Adult Ball-Field Users Worry Reform Is Too Kid-Friendly

IMG_0676Stephen Rex Brown A member of the Just For Kicks adult softball league (left) testifies at today’s hearing.

The proposed changes to the system governing ball fields in city parks drew around 140 people today, many of whom expressed concern that a new priority for youth leagues would end up pushing adult games out.

If the reforms by the Parks Department are approved, youth leagues will be given priority when considering new ball-field permit applications.

“It’s silly to think this can’t lead to adult leagues being pushed out entirely,” said David Nierenberg, who plays in the Mundys Softball League in Brooklyn. “I don’t think that’s fair.”

Most youth-league operators, on the other hand, urged the Parks Department to reform the system. “There is no reason for children to be turned away at 4 p.m. on a Wednesday because of a corporate league,” said Dena Martin, who works for Manhattan Youth Recreation and Resources.

But if there was one thing nearly all the attendees agreed on, it was the need for more accountability within the permit system, which many said was rife with abuse. “I know you give people permits who don’t use them,” said Peter Strumph of the Cosmopolitan Soccer League, addressing Parks Department officials. “I know because they offer them to me.”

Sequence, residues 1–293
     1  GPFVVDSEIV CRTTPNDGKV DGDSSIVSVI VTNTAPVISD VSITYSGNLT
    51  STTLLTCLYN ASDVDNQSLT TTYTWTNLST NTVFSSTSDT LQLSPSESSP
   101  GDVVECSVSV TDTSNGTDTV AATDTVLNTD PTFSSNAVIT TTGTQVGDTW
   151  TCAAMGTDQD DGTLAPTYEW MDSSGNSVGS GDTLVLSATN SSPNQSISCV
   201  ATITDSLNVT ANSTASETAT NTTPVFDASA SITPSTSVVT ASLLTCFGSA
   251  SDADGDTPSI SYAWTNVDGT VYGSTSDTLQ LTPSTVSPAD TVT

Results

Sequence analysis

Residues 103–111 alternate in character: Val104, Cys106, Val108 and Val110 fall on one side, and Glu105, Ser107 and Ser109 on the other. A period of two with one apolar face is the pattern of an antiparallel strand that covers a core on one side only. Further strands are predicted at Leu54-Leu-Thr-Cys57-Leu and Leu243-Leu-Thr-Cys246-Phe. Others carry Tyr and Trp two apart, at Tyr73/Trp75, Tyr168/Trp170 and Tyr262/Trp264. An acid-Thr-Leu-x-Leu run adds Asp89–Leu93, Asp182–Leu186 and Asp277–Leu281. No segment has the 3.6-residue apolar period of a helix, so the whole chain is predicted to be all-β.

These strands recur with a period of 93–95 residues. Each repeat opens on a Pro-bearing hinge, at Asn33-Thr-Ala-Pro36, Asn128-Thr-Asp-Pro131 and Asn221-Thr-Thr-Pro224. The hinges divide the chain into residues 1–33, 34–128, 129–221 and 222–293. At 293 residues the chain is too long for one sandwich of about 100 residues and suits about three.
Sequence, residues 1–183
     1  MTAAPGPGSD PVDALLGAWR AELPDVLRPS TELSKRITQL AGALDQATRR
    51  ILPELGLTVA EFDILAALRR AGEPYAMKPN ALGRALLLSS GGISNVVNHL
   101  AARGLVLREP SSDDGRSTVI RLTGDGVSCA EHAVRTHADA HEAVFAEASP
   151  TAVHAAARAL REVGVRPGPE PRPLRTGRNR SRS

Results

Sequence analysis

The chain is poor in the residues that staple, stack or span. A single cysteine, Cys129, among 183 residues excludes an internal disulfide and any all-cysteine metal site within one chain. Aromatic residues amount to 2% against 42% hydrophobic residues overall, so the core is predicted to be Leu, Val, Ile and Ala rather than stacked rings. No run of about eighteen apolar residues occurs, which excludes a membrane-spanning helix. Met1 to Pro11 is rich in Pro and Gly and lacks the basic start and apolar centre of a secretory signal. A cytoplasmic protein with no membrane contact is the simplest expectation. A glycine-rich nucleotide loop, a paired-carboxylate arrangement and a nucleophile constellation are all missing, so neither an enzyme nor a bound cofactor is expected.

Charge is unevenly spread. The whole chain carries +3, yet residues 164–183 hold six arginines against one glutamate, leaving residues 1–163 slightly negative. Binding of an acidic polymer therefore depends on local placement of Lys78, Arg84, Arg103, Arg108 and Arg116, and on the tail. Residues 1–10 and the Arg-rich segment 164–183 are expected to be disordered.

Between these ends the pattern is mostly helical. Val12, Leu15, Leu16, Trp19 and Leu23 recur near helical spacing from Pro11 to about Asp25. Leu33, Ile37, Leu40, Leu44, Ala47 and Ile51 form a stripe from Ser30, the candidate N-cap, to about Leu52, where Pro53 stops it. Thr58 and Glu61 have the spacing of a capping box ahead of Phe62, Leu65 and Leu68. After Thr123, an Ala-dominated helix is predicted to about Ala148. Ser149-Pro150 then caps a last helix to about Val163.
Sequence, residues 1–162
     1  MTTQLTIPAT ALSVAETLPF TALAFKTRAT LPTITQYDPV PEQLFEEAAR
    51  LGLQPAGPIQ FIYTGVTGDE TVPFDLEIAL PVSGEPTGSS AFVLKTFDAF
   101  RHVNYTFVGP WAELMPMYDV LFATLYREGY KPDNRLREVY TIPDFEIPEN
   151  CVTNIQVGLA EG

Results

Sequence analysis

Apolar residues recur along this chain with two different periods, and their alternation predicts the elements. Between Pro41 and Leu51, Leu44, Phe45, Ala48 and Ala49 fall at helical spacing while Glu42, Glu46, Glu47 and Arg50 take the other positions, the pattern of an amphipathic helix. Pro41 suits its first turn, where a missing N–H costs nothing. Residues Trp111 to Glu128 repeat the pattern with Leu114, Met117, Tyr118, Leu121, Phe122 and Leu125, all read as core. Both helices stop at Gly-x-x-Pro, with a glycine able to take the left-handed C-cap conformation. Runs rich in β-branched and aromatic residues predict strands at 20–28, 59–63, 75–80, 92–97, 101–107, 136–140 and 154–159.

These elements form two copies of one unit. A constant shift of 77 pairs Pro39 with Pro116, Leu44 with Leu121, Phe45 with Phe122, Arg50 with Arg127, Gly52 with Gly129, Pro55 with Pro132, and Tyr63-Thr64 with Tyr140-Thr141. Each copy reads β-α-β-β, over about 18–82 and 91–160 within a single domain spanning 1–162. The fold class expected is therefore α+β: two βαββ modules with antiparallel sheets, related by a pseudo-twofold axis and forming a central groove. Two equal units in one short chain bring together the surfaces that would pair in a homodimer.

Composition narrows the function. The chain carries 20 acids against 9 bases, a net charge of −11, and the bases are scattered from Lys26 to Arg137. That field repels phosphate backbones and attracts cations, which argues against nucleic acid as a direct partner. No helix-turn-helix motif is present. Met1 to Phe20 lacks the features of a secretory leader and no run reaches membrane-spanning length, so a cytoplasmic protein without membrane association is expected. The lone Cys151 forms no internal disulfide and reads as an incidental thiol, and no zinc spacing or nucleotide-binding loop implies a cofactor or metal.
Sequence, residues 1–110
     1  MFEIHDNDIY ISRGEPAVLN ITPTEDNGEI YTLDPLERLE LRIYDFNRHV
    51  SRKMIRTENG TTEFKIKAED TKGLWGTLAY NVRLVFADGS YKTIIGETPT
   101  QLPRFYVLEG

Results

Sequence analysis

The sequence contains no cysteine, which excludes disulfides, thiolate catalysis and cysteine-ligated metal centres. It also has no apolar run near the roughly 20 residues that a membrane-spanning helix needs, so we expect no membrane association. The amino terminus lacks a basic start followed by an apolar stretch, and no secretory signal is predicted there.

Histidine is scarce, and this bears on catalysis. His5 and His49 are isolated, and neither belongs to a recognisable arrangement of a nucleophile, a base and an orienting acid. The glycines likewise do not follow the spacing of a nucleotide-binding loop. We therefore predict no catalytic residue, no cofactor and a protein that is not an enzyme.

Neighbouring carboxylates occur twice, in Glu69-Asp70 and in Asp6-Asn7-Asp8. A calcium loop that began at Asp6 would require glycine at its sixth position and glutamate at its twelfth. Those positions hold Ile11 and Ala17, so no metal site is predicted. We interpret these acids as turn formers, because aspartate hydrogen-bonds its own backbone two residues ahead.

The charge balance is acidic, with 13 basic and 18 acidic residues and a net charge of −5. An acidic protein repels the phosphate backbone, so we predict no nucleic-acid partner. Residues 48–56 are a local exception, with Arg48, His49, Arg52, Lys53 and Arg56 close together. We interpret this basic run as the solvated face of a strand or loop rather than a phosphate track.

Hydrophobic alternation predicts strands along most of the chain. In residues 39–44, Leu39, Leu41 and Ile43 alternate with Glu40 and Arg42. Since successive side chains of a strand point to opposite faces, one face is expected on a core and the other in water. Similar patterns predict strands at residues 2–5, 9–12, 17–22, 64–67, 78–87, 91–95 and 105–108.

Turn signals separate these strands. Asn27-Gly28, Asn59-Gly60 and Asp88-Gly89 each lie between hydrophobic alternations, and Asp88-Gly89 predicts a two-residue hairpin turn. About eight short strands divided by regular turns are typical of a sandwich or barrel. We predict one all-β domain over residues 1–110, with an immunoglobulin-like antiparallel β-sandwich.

John Rosenmiller of the Big Apple Softball League echoed Mr. Strumph’s sentiment. “There are problems at parks that they don’t go out and check,” he said, later adding, “It’s not a youth league issue, it’s an efficiency issue.”

A spokesman for the Parks Department said that the testimony from today’s hearing at the Chelsea Recreation Center would be reviewed within roughly the next 30 days, and that some revisions could be made to the proposed changes based on the feedback. If approved, the changes will come into effect starting in the Fall season.